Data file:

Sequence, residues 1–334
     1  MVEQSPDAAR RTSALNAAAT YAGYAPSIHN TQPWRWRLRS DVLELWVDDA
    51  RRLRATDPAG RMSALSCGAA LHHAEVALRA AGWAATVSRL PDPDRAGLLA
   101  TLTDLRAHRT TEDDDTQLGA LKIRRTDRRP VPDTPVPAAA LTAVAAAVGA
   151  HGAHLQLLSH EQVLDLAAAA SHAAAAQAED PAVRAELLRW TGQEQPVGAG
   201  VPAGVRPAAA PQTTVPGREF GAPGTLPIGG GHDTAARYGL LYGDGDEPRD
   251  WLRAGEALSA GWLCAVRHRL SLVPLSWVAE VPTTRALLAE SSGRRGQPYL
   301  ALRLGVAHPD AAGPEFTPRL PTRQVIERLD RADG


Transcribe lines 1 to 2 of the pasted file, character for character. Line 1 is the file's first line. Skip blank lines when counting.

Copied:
Sequence, residues 1–334
     1  MVEQSPDAAR RTSALNAAAT YAGYAPSIHN TQPWRWRLRS DVLELWVDDA